Border disputes causes closure of Myanmar-Lao friendship bridge

The bridge will boost commerce between the two nations once it is opened

By: ANI | Naypyidaw | Published: July 7, 2016 2:20 pm
myanmar, laos, myanmar laos bride, myanmar laos friendship, myanmar laos friendship bridge, border disputes, myanmar laos border disputes, myanmar laos tensions, myanmar news, laos news, world news Myanmar President Htin Kyaw inaugurated the bridge in May last year with his Laos counterpart. (AP Photo/Aung Shine Oo)

The newly built Myanmar-Lao Friendship Bridge remains closed as authorities on both sides struggle to agree on the issue of border demarcation.

Once opened, the bridge will boost commerce between the two nations and will also allow direct trade with Thailand, Vietnam and China, the Myanmar Times reported on Thursday.

The Presidents of Myanmar and Laos inaugurated the bridge in May last year, which connects Eastern Shan State’s Tachileik district to Long district in the Lao province of Luang Namtha.

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But, following delays in surveying and agreeing on the border line, the bridge is still not open to commerce.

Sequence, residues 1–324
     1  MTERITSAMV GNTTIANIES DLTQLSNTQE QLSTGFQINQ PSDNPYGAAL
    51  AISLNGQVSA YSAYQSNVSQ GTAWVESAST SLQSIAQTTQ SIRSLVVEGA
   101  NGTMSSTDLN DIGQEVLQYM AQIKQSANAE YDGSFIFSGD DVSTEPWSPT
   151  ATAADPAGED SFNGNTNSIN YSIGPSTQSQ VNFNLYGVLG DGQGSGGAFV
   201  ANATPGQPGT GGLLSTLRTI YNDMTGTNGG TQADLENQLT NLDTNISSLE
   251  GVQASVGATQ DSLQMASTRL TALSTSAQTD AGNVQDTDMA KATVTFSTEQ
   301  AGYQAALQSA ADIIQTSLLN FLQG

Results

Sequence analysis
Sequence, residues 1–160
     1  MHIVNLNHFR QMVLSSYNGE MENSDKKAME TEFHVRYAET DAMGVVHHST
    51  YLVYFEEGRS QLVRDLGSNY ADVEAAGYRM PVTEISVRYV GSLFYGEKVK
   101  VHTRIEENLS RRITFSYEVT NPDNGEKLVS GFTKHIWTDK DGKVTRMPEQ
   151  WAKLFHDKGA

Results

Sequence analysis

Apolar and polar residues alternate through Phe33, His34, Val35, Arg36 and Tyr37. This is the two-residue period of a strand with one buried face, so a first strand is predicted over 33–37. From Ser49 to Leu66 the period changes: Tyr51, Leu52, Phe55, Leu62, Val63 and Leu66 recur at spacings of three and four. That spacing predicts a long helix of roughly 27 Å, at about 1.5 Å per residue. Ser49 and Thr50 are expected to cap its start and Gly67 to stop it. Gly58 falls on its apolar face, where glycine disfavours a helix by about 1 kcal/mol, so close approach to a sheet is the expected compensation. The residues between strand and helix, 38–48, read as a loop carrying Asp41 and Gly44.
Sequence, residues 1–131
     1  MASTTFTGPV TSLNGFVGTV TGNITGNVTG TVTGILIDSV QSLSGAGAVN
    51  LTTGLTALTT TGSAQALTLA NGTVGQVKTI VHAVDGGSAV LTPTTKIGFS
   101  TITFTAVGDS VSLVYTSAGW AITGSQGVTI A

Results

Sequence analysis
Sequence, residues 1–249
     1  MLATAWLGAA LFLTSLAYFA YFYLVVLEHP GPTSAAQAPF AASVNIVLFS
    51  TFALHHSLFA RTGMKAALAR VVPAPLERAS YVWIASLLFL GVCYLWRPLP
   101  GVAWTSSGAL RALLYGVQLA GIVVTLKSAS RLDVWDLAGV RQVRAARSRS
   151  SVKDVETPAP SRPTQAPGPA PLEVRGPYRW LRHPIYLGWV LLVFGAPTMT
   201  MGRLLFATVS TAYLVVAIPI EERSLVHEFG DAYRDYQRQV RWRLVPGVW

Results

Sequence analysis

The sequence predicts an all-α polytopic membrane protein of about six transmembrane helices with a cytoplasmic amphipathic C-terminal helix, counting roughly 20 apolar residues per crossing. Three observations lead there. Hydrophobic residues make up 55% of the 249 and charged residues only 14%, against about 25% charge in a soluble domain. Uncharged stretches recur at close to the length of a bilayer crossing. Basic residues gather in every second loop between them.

“The bridge is symbolic because it will be the first time in recent years that the two countries have been connected by an official border trading point,” said U Myint Oo, chair of Tachileik Border Trade Chamber of Commerce.

“Shan State Chief Minister U Linn Htut has been presented with the case for allowing trade flows across the bridge to begin as soon as possible, but the authority to agree on the border line lies with the Union government,” he added.

While the immediate benefit of an open bridge would be greater trade with Laos, the bridge would also help join Myanmar with Vietnam, by creating a road link connecting the Kyaukphyu deep sea port and special economic zone in Myanmar’s Rakhine State with the Haiphong Seaport in Vietnam.

Trade with China would also be simplified as at present, Chinese imports to Myanmar come through the Mong La border point, which is a largely lawless region controlled by the United Wa State Army and an affiliated group.

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